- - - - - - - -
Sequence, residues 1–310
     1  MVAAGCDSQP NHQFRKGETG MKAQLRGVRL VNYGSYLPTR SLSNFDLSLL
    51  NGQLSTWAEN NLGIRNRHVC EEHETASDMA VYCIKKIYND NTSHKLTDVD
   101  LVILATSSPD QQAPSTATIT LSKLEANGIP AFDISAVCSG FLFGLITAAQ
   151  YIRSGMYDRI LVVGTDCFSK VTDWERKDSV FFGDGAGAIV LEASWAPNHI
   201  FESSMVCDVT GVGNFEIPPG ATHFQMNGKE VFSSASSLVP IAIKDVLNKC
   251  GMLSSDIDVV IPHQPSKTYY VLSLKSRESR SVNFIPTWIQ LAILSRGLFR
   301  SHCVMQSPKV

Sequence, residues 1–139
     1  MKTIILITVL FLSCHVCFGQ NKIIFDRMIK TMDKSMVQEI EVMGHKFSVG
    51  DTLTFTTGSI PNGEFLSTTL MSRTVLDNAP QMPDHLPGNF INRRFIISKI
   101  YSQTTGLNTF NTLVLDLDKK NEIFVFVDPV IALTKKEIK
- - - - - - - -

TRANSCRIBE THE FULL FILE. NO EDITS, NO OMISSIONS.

Sequence, residues 1–310
     1  MVAAGCDSQP NHQFRKGETG MKAQLRGVRL VNYGSYLPTR SLSNFDLSLL
    51  NGQLSTWAEN NLGIRNRHVC EEHETASDMA VYCIKKIYND NTSHKLTDVD
   101  LVILATSSPD QQAPSTATIT LSKLEANGIP AFDISAVCSG FLFGLITAAQ
   151  YIRSGMYDRI LVVGTDCFSK VTDWERKDSV FFGDGAGAIV LEASWAPNHI
   201  FESSMVCDVT GVGNFEIPPG ATHFQMNGKE VFSSASSLVP IAIKDVLNKC
   251  GMLSSDIDVV IPHQPSKTYY VLSLKSRESR SVNFIPTWIQ LAILSRGLFR
   301  SHCVMQSPKV

Sequence, residues 1–139
     1  MKTIILITVL FLSCHVCFGQ NKIIFDRMIK TMDKSMVQEI EVMGHKFSVG
    51  DTLTFTTGSI PNGEFLSTTL MSRTVLDNAP QMPDHLPGNF INRRFIISKI
   101  YSQTTGLNTF NTLVLDLDKK NEIFVFVDPV IALTKKEIK